Institut für die Wissenschaften vom Menschen
|This article does not cite any references or sources. (April 2012)|
History and core idea
The IWM was founded in 1982 by the Polish philosopher Krzysztof Michalski who was Rector of the Institute until his death in February 2013. It is committed to broaching new and often contested topics of social relevance, thus contributing to debates on a wide range of political, social, economic, and cultural issues. Since its inception, the IWM has promoted international exchange and dialogue among scholars and intellectuals from different fields, societies, and cultures, most notably from Eastern and Western Europe. This exchange has increasingly included researchers from North America, from South-Eastern Europe and from former Soviet states.
Structure and Program
The IWM is sustained by a community of scholars consisting of Permanent Fellows, Visiting Fellows and Junior Visiting Fellows.
Permanent Fellows of the IWM are: Cornelia Klinger, Professor of Philosophy at the University of Tübingen (Germany); János Mátyás Kovács, Member of the Institute of Economics at the Hungarian Academy of Science, Budapest (Hungary); Ivan Krastev, Chair of the Board at the Centre for Liberal Strategies, Sofia (Bulgaria); Krzysztof Michalski, Professor of Philosophy at Boston University (U.S.A.) and University of Warsaw (Poland); Klaus Nellen, Managing Editor of Transit – Europäische Revue; Timothy D. Snyder, Professor of History at Yale University (U.S.A.); and Charles Taylor, Professor emeritus of Philosophy at McGill University, Montreal (Canada).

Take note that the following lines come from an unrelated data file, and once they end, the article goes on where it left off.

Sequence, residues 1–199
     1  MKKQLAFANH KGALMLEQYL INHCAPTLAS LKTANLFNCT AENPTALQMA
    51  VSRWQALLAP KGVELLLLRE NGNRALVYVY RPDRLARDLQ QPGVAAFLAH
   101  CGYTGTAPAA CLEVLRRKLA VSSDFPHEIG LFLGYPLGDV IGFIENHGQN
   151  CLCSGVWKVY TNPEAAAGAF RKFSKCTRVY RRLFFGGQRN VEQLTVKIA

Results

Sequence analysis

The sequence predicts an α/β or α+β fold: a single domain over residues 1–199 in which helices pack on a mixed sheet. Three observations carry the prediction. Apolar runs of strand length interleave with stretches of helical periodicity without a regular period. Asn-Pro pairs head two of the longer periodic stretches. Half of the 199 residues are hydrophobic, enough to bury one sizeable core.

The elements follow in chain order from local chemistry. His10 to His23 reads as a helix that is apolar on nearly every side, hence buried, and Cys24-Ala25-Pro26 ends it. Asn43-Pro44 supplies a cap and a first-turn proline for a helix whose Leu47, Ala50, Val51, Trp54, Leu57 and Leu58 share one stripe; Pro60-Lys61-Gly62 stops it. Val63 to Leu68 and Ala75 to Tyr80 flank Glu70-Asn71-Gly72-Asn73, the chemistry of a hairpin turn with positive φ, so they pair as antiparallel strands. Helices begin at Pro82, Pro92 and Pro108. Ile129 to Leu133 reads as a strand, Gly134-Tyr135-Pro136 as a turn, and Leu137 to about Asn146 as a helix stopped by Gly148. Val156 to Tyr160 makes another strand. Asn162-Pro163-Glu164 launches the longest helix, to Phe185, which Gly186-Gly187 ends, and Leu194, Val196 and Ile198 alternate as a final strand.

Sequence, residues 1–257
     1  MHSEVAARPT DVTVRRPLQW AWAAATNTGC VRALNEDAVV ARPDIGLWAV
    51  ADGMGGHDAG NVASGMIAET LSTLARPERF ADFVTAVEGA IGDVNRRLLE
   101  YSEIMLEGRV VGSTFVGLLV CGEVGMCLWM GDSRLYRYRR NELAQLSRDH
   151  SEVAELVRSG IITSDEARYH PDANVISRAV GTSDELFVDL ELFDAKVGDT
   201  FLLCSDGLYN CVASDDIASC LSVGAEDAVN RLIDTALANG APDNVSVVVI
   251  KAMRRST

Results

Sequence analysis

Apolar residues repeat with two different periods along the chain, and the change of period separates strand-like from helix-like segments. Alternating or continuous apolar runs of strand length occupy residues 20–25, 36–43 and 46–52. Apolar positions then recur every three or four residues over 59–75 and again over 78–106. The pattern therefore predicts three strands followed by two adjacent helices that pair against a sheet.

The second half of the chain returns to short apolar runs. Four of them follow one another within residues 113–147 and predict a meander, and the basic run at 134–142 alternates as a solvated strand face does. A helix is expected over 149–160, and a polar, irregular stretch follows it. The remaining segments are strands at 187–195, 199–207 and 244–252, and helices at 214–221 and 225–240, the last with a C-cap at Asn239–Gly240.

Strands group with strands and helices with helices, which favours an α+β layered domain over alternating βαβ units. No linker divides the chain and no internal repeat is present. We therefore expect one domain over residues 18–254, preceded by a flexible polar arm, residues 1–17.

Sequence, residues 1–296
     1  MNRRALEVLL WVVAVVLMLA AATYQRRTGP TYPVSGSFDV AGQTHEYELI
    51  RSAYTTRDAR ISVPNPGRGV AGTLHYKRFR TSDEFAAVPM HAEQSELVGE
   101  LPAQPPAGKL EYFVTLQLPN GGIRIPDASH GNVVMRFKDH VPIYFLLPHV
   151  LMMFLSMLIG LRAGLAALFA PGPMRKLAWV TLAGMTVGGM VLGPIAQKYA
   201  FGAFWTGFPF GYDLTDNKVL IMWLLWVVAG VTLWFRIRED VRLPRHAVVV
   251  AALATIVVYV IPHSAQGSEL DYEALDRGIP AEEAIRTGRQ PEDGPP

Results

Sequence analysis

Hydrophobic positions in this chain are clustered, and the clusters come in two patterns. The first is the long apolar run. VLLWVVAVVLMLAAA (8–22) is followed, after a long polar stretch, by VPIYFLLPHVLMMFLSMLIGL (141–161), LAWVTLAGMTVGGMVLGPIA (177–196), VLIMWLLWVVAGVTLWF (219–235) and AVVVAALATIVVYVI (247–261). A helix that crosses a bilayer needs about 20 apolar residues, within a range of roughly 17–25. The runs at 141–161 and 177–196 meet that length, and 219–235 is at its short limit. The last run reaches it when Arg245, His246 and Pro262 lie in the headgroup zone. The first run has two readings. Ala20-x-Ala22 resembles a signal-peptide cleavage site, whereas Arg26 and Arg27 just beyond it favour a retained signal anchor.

Research at the Institute is currently focused on six fields:
- Sources of Inequality
- Cultures and Institutions in Central and Eastern Europe
- The Future of Democracy
- United Europe – Divided Memory
- Religion and Secularism
- The Philosophical Work of Jan Patocka
During each year the IWM hosts about 50 fellows and guests, including scholars as well as journalists and translators, who are awarded with fellowships to pursue their individual research while working at the Institute.
The IWM regularly organizes lectures, debates, and conferences for a broad public, as well as developing policy-oriented programs. The results of this work are published in monographs, articles, and translations, as well as in the biannual journal Transit-Europäische Revue and the magazine IWMpost.
The IWM is registered as a non-profit organization. It receives core funding from the Austrian government and the City of Vienna. Its projects and activities are supported by international foundations and sponsors.